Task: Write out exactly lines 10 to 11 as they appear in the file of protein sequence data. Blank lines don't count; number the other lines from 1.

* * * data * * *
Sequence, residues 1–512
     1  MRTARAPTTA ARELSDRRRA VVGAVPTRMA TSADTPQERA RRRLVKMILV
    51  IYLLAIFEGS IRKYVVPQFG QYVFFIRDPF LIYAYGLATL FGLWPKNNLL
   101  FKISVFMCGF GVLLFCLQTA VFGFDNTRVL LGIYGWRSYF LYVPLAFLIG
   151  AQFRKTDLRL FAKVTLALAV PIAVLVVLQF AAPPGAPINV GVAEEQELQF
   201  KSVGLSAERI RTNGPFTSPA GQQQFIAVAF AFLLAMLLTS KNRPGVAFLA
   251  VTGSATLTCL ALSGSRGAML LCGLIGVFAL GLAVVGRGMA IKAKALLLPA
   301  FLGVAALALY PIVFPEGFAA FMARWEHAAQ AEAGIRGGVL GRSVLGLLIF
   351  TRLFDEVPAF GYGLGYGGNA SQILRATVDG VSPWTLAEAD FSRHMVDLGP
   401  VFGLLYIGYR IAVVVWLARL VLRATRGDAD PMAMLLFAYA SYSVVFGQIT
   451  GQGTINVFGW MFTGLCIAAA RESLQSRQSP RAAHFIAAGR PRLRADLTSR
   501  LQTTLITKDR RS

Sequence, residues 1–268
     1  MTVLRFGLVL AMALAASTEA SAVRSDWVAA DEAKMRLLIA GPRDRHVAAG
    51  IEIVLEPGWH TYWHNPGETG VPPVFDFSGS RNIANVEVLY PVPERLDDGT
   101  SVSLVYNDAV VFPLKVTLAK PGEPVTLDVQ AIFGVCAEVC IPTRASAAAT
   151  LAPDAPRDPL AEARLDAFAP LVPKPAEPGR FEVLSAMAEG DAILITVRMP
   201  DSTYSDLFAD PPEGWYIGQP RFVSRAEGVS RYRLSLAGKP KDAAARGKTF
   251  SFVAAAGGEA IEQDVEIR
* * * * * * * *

   401  VFGLLYIGYR IAVVVWLARL VLRATRGDAD PMAMLLFAYA SYSVVFGQIT
   451  GQGTINVFGW MFTGLCIAAA RESLQSRQSP RAAHFIAAGR PRLRADLTSR